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With fervent gratitude, and a strong sense of survivor’s guilt, we report that all is well at Hermitage. Nevis was spared two of the most catastrophic hurricanes, Irma and Maria. The news is bittersweet in contrast to the devastation on other islands.

The Hermitage has survived hurricanes for 350 years, partly because of its unique construction, partly because of its location sheltered by the mountain, and partly by the grace of Mother Nature. Our many royal palm trees, standing like sentinels around the property, lost some of their fronds but endured the storm. It is truly amazing to see how they have grown to withstand even the worst conditions. Now, they are a symbol of our resilience.


Nevis was very fortunate, we suffered minimal damage. The ancient saman tree in the town square was blown over, a few other trees have been lost and our beaches have been strangely rearranged but it is nothing that can’t be repaired with time and tide. With village names like Hardtimes and Burden Pasture, Nevis has known many challenges.We are not strangers to the storm. It was the first people of the Caribbean who named the hurricane and knew it as the fury of the goddess Guabancex.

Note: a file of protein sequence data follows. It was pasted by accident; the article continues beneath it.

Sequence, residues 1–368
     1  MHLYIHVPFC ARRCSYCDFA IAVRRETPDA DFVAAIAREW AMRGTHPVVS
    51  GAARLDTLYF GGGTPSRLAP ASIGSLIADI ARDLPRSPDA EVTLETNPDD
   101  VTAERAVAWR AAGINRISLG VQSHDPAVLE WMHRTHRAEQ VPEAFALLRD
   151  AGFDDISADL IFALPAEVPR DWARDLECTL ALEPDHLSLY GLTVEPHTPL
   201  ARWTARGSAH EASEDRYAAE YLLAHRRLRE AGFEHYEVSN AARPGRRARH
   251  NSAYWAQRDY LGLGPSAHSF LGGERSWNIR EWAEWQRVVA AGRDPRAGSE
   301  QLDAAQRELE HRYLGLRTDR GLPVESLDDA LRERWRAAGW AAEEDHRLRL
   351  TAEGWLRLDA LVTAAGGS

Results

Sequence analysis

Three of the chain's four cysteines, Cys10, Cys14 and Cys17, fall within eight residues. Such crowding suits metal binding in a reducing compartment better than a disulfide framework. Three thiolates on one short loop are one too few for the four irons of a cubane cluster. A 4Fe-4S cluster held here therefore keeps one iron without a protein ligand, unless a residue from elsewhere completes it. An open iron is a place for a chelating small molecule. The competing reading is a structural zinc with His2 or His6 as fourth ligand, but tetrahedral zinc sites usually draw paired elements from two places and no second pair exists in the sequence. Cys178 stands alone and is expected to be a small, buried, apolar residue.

Now we are busy helping each other clean up. The sea is tranquil and turquoise again, the ferry boats are running. We are gathering supplies and relief and arranging transport to our island neighbors; we are truly saddened to hear of what that has occurred elsewhere. 
The Caribbean is many islands, all connected by family and friends, some have felt the winds of the hurricanes, some have not, but we have all been affected. The Caribbean relies so heavily on tourism and it might be quite some time before some islands are able to welcome visitors again but we ask you to know and remember that there are many islands that are still wonderful places to visit. Collectively, we are still here and we are still #CaribbeanStrong. 


The ancient saman tree, Charlestown, Nevis

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